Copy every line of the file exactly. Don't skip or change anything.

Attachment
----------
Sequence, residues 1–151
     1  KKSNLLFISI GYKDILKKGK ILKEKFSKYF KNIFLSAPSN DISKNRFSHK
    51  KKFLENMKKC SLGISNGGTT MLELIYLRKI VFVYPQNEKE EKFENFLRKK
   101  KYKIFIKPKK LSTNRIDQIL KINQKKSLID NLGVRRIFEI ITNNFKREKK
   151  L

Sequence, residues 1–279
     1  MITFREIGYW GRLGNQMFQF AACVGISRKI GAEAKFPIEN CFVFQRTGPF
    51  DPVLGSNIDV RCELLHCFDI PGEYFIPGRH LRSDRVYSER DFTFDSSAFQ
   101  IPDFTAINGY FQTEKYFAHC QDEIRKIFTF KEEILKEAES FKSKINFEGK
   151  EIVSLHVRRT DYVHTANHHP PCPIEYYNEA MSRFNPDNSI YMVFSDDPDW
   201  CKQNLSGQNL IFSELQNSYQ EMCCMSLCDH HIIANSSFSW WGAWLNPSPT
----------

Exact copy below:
Sequence, residues 1–151
     1  KKSNLLFISI GYKDILKKGK ILKEKFSKYF KNIFLSAPSN DISKNRFSHK
    51  KKFLENMKKC SLGISNGGTT MLELIYLRKI VFVYPQNEKE EKFENFLRKK
   101  KYKIFIKPKK LSTNRIDQIL KINQKKSLID NLGVRRIFEI ITNNFKREKK
   151  L

Sequence, residues 1–279
     1  MITFREIGYW GRLGNQMFQF AACVGISRKI GAEAKFPIEN CFVFQRTGPF
    51  DPVLGSNIDV RCELLHCFDI PGEYFIPGRH LRSDRVYSER DFTFDSSAFQ
   101  IPDFTAINGY FQTEKYFAHC QDEIRKIFTF KEEILKEAES FKSKINFEGK
   151  EIVSLHVRRT DYVHTANHHP PCPIEYYNEA MSRFNPDNSI YMVFSDDPDW
   201  CKQNLSGQNL IFSELQNSYQ EMCCMSLCDH HIIANSSFSW WGAWLNPSPT